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Wisdom: Feeding our Spirits (3 photos)

Ontario Native Women Association (ONWA) continues Mental Health Week with open fire cooking.

From popped wild rice to fried bannock, the virtual sharing of food on Friday brought people together for an open discussion on mental health.

The Ontario Native Women’s Association celebrated an open discussion about mental health with Feeding Our Spirits – Indigenous Traditional Food and Open Fire Cooking with Audrey DeRoy.

As an ONWA land-based coordinator, DeRoy led an afternoon of cooking over an open fire, discussing food, vitamins, and practices of nibwaakaawin (wisdom).

DeRoy emphasized the practice of nibwaakaawin and how it carries through cherishing knowledge and is given by Creator to be used for the good of the people.

Cooking as a mental health practice

The simple act of sharing a meal has been put on hold over the past year, but Creator supplies sustenance from Mother Earth to continue cooking, even if sharing those gifts is from afar, DeRoy said.

“During the pandemic, I miss being around family and I heard stories from people yesterday about not being around family so we’re learning to appreciate what we have," she added.

The act of cooking for yourself and for others allows a deep connection and can be used as a form of healing.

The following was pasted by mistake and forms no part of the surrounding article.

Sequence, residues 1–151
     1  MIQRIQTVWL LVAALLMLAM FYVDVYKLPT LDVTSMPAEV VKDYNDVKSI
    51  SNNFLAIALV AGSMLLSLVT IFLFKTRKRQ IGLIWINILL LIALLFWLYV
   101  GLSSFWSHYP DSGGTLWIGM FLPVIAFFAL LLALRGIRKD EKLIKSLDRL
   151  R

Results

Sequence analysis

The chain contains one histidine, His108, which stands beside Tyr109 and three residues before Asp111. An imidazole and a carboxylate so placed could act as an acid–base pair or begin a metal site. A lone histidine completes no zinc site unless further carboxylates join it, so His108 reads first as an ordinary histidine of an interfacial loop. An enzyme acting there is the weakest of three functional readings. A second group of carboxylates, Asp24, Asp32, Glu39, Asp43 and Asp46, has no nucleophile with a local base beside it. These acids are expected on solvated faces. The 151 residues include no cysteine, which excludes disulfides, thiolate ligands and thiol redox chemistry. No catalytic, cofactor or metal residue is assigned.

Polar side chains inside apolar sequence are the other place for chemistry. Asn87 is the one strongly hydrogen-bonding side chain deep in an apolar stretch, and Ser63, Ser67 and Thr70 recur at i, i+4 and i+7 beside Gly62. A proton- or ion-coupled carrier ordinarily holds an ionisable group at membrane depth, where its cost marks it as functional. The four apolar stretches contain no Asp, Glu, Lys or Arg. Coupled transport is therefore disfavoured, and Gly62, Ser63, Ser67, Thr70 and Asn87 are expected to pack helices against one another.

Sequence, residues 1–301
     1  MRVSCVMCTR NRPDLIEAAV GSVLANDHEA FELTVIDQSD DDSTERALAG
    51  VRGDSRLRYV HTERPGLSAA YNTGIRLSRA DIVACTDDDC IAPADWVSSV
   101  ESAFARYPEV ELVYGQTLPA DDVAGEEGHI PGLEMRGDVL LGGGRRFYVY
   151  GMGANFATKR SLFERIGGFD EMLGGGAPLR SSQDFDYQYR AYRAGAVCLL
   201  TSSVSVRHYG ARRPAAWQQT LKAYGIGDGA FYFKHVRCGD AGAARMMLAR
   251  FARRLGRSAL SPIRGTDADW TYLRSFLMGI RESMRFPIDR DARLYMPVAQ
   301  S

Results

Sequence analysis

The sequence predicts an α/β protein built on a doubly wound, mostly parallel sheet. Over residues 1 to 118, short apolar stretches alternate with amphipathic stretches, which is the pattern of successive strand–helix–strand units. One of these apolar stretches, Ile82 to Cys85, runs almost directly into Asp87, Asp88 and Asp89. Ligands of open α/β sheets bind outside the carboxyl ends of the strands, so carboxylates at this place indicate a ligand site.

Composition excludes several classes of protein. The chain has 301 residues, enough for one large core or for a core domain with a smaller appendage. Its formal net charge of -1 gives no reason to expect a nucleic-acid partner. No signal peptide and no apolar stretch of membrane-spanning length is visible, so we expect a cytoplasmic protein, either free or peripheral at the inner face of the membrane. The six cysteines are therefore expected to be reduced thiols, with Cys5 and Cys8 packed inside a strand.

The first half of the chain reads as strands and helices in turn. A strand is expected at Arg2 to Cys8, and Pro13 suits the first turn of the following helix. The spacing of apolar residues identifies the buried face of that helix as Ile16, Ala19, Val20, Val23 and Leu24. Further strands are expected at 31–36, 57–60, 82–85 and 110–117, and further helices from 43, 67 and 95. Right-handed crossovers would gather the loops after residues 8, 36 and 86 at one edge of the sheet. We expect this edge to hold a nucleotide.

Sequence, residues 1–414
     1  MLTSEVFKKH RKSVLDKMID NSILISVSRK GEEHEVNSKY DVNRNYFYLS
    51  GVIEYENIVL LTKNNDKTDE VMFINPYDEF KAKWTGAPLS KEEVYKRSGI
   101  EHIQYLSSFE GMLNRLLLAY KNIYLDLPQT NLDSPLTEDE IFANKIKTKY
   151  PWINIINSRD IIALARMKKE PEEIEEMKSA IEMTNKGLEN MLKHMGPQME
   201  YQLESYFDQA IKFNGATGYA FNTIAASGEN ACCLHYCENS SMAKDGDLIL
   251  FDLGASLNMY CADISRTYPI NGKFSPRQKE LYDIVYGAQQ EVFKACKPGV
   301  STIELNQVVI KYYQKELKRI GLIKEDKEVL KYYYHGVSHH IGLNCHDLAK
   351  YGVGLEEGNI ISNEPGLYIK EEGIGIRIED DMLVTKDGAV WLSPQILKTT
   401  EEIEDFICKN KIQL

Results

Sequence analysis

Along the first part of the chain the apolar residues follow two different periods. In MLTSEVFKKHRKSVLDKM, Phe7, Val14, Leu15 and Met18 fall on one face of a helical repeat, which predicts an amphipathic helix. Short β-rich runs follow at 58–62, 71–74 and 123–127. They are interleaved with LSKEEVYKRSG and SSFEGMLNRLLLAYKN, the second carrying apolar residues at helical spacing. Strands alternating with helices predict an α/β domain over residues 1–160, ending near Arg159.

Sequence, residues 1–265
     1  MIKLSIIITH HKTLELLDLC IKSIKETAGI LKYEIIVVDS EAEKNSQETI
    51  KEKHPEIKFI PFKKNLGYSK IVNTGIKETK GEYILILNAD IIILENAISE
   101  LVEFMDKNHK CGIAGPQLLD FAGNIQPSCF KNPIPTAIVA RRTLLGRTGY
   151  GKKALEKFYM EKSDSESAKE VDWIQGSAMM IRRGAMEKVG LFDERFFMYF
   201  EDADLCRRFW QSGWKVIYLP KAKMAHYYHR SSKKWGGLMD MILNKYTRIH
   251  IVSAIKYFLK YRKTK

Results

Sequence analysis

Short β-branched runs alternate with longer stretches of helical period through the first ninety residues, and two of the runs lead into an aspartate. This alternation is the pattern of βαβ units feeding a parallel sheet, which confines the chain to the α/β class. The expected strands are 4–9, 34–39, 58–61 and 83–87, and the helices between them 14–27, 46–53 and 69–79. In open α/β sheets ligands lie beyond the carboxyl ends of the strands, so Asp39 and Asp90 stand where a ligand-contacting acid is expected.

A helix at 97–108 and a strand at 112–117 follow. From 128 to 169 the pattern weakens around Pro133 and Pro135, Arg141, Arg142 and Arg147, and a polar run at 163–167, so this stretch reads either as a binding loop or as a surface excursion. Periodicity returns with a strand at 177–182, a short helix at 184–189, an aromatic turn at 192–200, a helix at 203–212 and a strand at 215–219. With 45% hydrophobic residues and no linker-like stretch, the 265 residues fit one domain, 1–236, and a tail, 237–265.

DeRoy made Mushkeegobug tea, from herbs harvested last year, popped wild rice and zaazazagwan (fried bannock).

“With all the animals and plants that we eat we give thanks to Creator,” DeRoy reminded everyone, saying, “[by doing this] we’re bringing [our identity] back [because] your identity is your confidence, it’s everything.”

Sharing stories

DeRoy shared her experiences cooking throughout her lifetime and discussed how the practice of creating a meal can be a healing experience, like sharing your story or crying.

“Allow yourself to cry. All the courageous people that have shared their stories all week – we’re being fed emotionally.”

Like eating a meal, we are all fed through sharing stories and being vulnerable with ones we feel safe with and DeRoy gave this knowledge to everyone, reminding people to continue sharing.

Making mental health a priority

Whether it’s through cooking and sharing a meal or crying with a loved one, ONWA is taking the time to remind everyone that healing and healthy mental health practice is different for everyone, and how a person chooses to practice their mental health journey comes in many forms. 

ONWA’s events continue Saturday with Enhancing our Mental Health Bundle – Teachings and Sharing Circle with Niemi Himes, ONWA Mental Health Worker at 2 p.m. EST. Registration is open to everyone and can be done through and can be found on ONWA’s Facebook page.

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